Before we knew it, our caravan was off to the Firehouse Recreation Center to interview seniors who would surely impart upon us the wisdom of the ages, spin yarns about the ways of life in Steinbeck’s time, and so very many more things … if only they hadn’t already had their lunch and skedaddled. So we moved onto our next destination—or rather, the quest for our next destination, Corral de Tierra. Corral de Tierra is a massive tract of valley land that Steinbeck’s titular Pastures are based on, the landscape on which the novel’s delicate narratives rest; nowadays, however, it’s a prime piece of real estate upon which a golf course, country club, and multimillion-dollar homes lay. We drove around for upwards of an hour, pulling into parking lots and onto curving road shoulders, imagining Ms. Morgan climbing up to Castle Rock (one of the wildly grooved formations visible from the road) to think about her father, or Edward “Shark” Wicks lumbering down the way, gunning for the bad boy Jimmie Munroe. While we were peeking past a particularly tempting “No Trespassing” sign, NW/NC project director Jessica Richards got the call we’d been waiting for: The next day we’d be allowed access to Markham Ranch, where many of the aforementioned multimillion-dollar houses lay. And so we bid farewell to much of our party, and Richards, playwright Solis, and myself repaired to a local Ramada for a good night’s rest.
Road Trip! Part 2:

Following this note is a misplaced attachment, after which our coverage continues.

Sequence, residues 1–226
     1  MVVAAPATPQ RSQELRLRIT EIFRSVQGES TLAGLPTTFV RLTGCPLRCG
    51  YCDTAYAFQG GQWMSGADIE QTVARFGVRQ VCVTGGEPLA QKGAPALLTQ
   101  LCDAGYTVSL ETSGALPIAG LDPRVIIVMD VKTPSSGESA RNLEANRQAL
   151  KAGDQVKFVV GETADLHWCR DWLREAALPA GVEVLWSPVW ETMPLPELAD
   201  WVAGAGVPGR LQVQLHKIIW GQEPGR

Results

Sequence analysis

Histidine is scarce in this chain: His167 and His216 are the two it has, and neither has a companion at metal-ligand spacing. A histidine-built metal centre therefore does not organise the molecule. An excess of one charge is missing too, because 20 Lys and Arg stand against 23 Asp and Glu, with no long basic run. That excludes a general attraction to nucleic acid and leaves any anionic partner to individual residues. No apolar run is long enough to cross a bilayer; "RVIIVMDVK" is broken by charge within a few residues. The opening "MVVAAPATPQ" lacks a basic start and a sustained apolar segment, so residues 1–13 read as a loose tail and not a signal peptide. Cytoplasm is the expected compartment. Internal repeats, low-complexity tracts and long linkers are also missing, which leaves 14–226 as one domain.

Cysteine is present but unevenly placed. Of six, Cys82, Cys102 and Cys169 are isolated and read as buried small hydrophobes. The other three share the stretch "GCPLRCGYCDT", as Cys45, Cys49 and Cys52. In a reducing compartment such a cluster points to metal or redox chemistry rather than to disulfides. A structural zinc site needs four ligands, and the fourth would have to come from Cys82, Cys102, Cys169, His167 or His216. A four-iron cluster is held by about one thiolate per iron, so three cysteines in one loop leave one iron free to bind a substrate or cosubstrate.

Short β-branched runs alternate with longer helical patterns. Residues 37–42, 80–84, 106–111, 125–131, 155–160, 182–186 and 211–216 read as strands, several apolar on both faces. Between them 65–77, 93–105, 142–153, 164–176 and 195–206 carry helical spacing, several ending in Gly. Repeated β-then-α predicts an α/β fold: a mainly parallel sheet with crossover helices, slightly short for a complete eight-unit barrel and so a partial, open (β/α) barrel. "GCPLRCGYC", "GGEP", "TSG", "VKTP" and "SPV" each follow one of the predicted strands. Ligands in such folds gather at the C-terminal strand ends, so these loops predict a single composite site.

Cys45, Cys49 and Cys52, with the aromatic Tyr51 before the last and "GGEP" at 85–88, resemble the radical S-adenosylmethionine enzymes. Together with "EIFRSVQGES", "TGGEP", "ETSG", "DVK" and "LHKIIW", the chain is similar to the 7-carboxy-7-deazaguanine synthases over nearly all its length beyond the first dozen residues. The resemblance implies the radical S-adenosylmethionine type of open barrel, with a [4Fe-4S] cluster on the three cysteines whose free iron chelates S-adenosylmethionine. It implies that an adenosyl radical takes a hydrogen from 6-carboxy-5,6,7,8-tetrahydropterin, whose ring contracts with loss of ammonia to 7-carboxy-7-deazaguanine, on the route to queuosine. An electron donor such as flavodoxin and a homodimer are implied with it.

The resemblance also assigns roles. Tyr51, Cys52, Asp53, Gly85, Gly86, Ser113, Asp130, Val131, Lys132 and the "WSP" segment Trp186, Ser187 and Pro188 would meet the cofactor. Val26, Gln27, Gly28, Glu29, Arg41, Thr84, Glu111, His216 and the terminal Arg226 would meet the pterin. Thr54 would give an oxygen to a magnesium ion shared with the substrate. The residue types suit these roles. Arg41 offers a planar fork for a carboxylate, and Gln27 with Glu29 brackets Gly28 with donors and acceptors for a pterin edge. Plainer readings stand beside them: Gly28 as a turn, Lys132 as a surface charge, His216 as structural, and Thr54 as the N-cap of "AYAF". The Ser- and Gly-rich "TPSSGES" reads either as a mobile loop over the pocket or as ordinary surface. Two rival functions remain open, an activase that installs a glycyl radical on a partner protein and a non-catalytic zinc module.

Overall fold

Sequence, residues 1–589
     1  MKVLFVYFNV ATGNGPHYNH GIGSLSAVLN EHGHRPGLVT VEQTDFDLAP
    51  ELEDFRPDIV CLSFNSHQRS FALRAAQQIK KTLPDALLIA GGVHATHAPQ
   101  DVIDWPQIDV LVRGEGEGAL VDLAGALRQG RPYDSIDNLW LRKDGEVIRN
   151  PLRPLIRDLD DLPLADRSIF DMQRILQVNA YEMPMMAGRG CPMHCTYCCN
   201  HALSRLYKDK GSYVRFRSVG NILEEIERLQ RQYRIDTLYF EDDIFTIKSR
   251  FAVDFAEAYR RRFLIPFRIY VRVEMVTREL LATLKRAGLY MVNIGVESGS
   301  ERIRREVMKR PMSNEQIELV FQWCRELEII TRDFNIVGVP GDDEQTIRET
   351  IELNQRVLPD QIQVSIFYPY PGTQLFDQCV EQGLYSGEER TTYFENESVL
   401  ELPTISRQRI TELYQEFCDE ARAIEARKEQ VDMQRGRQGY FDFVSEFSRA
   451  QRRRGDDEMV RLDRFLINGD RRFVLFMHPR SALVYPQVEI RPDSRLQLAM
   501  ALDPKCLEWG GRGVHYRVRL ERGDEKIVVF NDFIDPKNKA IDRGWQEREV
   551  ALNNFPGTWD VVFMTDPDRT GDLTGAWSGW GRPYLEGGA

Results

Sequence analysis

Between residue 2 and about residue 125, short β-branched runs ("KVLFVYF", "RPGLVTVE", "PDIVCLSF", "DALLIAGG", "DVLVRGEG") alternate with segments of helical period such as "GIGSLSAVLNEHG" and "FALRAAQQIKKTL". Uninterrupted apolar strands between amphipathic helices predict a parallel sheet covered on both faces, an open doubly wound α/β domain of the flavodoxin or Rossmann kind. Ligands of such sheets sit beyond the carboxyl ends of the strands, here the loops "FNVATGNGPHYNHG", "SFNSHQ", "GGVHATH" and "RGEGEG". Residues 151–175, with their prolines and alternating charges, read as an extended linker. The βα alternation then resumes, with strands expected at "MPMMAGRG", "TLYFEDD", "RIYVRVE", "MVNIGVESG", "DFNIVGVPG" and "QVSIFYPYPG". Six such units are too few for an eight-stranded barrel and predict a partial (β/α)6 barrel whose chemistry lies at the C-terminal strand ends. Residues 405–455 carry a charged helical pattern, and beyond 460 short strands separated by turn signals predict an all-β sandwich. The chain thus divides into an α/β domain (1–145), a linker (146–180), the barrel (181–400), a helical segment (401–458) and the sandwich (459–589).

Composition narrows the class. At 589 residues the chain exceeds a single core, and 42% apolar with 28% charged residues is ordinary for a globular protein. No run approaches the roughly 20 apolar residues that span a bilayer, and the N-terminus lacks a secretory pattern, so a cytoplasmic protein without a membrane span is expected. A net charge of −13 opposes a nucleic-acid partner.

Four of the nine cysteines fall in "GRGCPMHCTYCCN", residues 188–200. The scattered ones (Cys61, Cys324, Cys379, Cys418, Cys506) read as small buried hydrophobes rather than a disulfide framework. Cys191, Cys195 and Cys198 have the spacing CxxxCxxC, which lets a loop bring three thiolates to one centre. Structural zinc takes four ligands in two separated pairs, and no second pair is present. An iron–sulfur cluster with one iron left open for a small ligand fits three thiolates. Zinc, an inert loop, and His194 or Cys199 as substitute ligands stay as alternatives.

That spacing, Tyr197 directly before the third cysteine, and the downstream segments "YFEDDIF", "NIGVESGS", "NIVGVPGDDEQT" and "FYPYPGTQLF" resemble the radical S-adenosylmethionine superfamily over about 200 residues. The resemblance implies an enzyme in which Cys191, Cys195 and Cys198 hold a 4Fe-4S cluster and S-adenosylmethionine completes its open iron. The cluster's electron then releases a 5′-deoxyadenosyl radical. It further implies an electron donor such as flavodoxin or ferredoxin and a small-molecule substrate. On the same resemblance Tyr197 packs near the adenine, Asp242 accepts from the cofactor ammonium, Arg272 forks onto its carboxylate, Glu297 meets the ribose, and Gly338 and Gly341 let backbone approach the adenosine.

After enjoying our complimentary continental breakfast (hey, we’re a nonprofit theater) we hustled back to the Firehouse Recreation Center. This trip was far more successful than the day before, and Solis found himself in the middle of a bilingual story circle, populated by seniors from all over the age range that the word implies. There was the thrice-married bookkeeper who’s welded in the San Francisco shipyards; the ranchero who came from Mexico with his family as part of the U.S. government-sponsored Bracero Program; and the sixtysomething woman who showed us her tattoos and spun many a hard-luck tale. We were so fascinated by the seniors’ stories that we were nearly late for our meeting with National Steinbeck Center CEO Steve Hoffman who had been on the job for a only a few months and who, we were pleased to learn, had been deeply involved with theater arts back in South Dakota. The meeting was a great one—he seemed eager to work with us, and we discussed the museum hosting Steinbeck Project events, his bringing groups to the Bruns (on a bus with champagne, even!), and even partnering to restore some archival Steinbeck recordings.